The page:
Claude McKay on the day he turned in the manuscript in 1941
© Carl Van Vechten Trust/Beinecke Library, Yale
“I wonder if I understand you rightly,” the Ethiopian prince Lij Tekla Alamaya asks his American friend Gloria Kendall. “Slavery in the Bronx, New York, in the most highly civilized city in the world?”
“I will take you to see it with your own eyes,” Gloria replies. “There are over half a dozen blocks in the Bronx where starving colored women sit and wait for white women to come and buy them to work at ten cents an hour. Ten hours of lugging and scrubbing down on their knees to make one dollar. We call it the Bronx Slave Market, for the black women line up there and wait for the white mistresses just as the slaves down South waited for the masters to come and buy them.”
This provocative exchange, one of many in a novel by the Jamaican-American writer Claude McKay, would have jarred the conventional readers of his day — had they ever seen it. Not a word of the novel, though, was read by any member of the public until last month, when Amiable With Big Teeth was published by Penguin Classics, nearly seventy years after McKay’s death. The novel’s arrival was an extraordinary event in the literary world for a couple of simple reasons: It’s exceedingly rare for a completed, relatively unblemished manuscript to emerge from hiding at all, and the discovery of this one alters long-held perceptions of McKay’s canon and life in Harlem during the lush period between the two world wars, when popular belief held that the Harlem Renaissance had petered out with the onset of the Great Depression.
“It’s a really remarkable book,” Jean-Christophe Cloutier, the academic who unearthed the McKay manuscript, told the Voice. “It’s a contemporary novel in a strange, belated way.”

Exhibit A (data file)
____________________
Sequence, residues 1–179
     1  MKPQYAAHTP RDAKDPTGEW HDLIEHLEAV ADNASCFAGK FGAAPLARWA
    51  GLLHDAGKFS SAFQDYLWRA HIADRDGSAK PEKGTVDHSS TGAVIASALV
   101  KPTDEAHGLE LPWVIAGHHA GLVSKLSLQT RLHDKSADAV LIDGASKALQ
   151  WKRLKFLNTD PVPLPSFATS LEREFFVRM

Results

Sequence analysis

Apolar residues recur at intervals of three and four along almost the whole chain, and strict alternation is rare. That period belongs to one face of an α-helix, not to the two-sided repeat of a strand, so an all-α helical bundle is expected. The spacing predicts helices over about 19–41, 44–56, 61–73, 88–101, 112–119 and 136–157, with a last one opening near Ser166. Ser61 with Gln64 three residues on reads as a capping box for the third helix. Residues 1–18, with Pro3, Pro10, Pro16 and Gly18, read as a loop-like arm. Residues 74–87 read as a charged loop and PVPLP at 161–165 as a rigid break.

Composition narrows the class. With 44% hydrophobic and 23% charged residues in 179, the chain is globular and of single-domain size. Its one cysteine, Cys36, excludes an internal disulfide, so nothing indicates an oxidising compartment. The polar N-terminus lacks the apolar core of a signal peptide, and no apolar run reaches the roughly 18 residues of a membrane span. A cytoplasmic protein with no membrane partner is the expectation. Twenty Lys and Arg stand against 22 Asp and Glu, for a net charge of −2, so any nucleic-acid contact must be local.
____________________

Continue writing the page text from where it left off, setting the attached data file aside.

McKay, an icon of the Harlem Renaissance, wrote poetry and fiction, and is probably best remembered for Home to Harlem, his 1928 bestseller, and the crackling sonnet “If We Must Die,” a defiance of racial subjugation. After 1933, when his novel Banana Bottom appeared, scholars believed McKay had turned his back on fiction writing. He never published another novel while he was alive.
In the summer of 2009, Cloutier was an intern in the Rare Book and Manuscript Library at Columbia University, where he was studying for his Ph.D. An admirer of Samuel Roth, the literary pariah known for challenging obscenity laws in the United States, Cloutier was sorting through more than fifty boxes of Roth’s papers when he discovered a 300-page, double-spaced manuscript in a “do-it-yourself” black binder.
The cover bore McKay’s name and the title of the novel.
“It was surprising and wonderful, but at the same time I wasn’t hubristic enough to believe [it was authentic],” Cloutier, now an assistant professor at the University of Pennsylvania, recalled. “No one had heard of it.”
Cloutier took his discovery to Brent Hayes Edwards, his dissertation adviser and an expert in black literature. Despite his thorough knowledge of McKay’s life and work, Edwards didn’t know of any lost novel. No McKay biography referenced it.
“Could this be a hoax? A forgery?” Edwards, a professor of English and comparative literature at Columbia, wondered at the time. “It seemed a little much, to have written a 315-page forgery and not done anything with it.”
Edwards had reasons to believe the manuscript, a satire concerning the fervor in Harlem over Fascist Italy’s invasion of Ethiopia in the mid-1930s, was legitimate. Uproarious and polemical, Amiable takes dead aim at Communism, skewering the radical leftists who McKay believed exploited blacks for their own selfish ends. The novel also references real-life figures like the labor leader Sufi Abdul Hamid, who was prominent in McKay’s time, and uses the term Aframerican, a description McKay employed for blacks from the Western Hemisphere.